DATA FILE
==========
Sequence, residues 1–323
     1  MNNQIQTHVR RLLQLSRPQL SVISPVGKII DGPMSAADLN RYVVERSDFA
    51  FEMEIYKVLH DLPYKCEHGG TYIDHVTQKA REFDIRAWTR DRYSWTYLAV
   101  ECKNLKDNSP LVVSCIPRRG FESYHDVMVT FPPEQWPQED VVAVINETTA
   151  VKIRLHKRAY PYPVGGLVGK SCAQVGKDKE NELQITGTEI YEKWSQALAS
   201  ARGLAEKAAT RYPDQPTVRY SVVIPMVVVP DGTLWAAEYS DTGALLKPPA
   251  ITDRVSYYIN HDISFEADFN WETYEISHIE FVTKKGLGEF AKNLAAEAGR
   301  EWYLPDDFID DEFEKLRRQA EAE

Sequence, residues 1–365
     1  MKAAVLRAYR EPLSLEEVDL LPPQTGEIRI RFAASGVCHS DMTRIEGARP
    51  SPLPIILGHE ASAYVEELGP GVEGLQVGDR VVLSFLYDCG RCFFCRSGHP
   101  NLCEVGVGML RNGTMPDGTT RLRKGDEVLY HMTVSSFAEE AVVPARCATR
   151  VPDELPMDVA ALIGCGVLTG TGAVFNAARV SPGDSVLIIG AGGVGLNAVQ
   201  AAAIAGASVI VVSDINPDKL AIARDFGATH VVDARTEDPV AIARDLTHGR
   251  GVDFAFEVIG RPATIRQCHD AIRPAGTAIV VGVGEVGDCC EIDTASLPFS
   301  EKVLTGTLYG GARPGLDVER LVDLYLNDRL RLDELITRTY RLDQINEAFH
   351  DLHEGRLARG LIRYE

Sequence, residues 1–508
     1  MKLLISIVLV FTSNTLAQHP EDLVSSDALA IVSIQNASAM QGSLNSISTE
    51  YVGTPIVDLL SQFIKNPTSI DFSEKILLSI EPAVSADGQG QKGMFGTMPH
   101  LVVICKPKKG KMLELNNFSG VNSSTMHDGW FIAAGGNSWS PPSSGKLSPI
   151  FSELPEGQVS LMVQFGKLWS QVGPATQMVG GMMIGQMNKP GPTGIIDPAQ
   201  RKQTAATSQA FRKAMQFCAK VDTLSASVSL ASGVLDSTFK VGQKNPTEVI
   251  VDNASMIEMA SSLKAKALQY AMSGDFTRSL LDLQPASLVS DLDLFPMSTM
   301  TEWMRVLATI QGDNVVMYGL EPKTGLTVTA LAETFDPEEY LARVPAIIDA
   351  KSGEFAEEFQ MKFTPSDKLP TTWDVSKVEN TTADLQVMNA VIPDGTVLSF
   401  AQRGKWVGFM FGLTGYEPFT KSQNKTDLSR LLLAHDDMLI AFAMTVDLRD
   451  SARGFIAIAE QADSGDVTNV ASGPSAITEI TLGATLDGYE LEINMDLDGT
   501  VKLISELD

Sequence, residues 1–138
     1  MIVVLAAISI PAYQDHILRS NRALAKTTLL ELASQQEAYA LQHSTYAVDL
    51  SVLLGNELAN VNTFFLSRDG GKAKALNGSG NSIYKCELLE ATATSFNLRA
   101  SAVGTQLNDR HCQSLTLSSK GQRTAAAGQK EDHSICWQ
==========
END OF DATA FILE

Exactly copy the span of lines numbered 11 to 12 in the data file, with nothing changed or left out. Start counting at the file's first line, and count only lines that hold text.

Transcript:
    51  SPLPIILGHE ASAYVEELGP GVEGLQVGDR VVLSFLYDCG RCFFCRSGHP
   101  NLCEVGVGML RNGTMPDGTT RLRKGDEVLY HMTVSSFAEE AVVPARCATR